Blast Furnace and Process Description
Blast Furnace and Process Description :- Iron blast furnace is a vertical shaft, which is used to melt the iron ore and to produce hot metal by heat exchange and chemical reaction. The burden charge consisting of iron oxide, flux and coke and it provides through the throat from the top of the furnace.
The iron oxide is reduced to hot metal by receiving heat from the ascending hot blast (oxygen, nitrogen) and injection (oil/pulverized coal) supply from the bosh region. Below the throat, there is an increase in diameter to some extent known as the shaft after which the furnace maintains a constant diameter cylindrical section known as the belly.
Just below it, there is a decrease in diameter known as bosh region, where the blast enters the furnace through the surrounding tuyeres. A tuyere is a cooled copper conical nozzle having 12 numbers of tuyeres in small furnaces and up to 42 in bigger furnaces.
The preheated air (1000–1300 °C) is blown through it. The oxygen of the blast burns coke to CO and several combustion zones, one in front of each tuyere, exist in the tuyere zone. The hearth zone is the bottom-most region, where the hot metal and slag are stored.
The inside volume of the blast furnace is divided into different zones according to the physical significance and the chemical reactions occurring inside the furnace The top portion of the furnace is named as lumpy zone; burden enters and stacks layer by layer as solid.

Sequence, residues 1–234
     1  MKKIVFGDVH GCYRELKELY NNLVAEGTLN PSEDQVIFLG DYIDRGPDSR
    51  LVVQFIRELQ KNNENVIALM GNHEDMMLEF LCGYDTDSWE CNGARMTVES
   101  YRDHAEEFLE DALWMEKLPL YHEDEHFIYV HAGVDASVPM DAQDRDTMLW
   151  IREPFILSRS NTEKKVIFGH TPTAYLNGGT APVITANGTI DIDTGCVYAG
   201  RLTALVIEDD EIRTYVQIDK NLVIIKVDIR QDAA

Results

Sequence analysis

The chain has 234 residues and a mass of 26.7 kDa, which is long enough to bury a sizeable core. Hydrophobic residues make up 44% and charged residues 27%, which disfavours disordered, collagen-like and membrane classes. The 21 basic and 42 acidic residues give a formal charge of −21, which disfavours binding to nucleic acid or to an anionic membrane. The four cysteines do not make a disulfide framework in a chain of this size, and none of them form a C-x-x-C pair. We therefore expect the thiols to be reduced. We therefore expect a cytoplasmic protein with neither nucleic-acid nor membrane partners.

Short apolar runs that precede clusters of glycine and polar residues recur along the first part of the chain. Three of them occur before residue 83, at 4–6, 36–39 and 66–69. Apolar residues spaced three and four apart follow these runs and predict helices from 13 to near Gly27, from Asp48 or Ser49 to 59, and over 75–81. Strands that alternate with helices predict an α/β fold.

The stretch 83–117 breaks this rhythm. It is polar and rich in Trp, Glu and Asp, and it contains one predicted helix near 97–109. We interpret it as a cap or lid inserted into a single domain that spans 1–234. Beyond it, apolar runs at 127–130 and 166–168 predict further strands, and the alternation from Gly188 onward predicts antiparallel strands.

The reduction of the iron oxide takes place in the cohesive zone. Hematite (Fe2O3) is converted into magnetite (Fe3O4), subsequently to wüstite (FexO) by the ascending reducing gas containing carbon monoxide, producing carbon dioxide as reaction product.
The iron ore begins to soften and melt in the cohesive zone and at the lower end iron melts and disperses through the solid coke layers. Below the cohesive zone the raceway starts: here, the coke is burnt to carbon monoxide, which consists of oxygen and some inert nitrogen.
At the center of the bosh lies closely a packed stack of unreacted coke known as the dead-man zone. The last zone is known as hearth zone where slag floats on the surface of the hot metal and is separated away. A schematic diagram of a blast furnace is shown in Fig. 1.
In the upper part of a hearth about half meter below the edge of the bosh, opening
spaces are provided throughout the periphery of the hearth through which heated air is blown by means of the tuyeres. The hot blast gasifies coke and other carbon-based materials injected through the tuyere, which are usually coal, natural gas, and oil.
In this process, the oxygen in the blast is transferred into gaseous carbon monoxide. Coke (Ck) which together with other raw materials descends from the throat into the hearth and comes in contact with the hot blast in the oxidation zone in front of individual tuyeres, where intensive combustion of the coke carbon takes place.
Ck + O2 _ CO2
As there is surplus carbon in the hearth, carbon dioxide is reduced to carbon monoxide. Carbon monoxide, thus, always escapes from the oxidation zones as a
product of coke combustion.
Ck + CO2 _ 2CO
In areas with lack of oxygen, the carbon of coke is burnt imperfectly to CO.
Ck + 0.5O2 _ CO
The raw materials iron ore, coke, and limestone is charged into the furnace from the top through the throat. The iron oxide (ore) Fe2O3 is reduced mainly by the ascending CO. The reduction of the iron ore takes place and is converted into final hot metal.
Fe2O3 ⇒ Fe3O4 ⇒ FexO ⇒ Fe
The layered structure of raw materials forms inside the shaft, which consists of ore, flux, and coke, which are melted, in the lower part of the furnace and burden layers gradually move downward. The burden distribution plays an important role for smooth operation of the furnace. The charging equipment manipulates the burden distribution. Modern equipment gives better option for the distribution of burden effectively.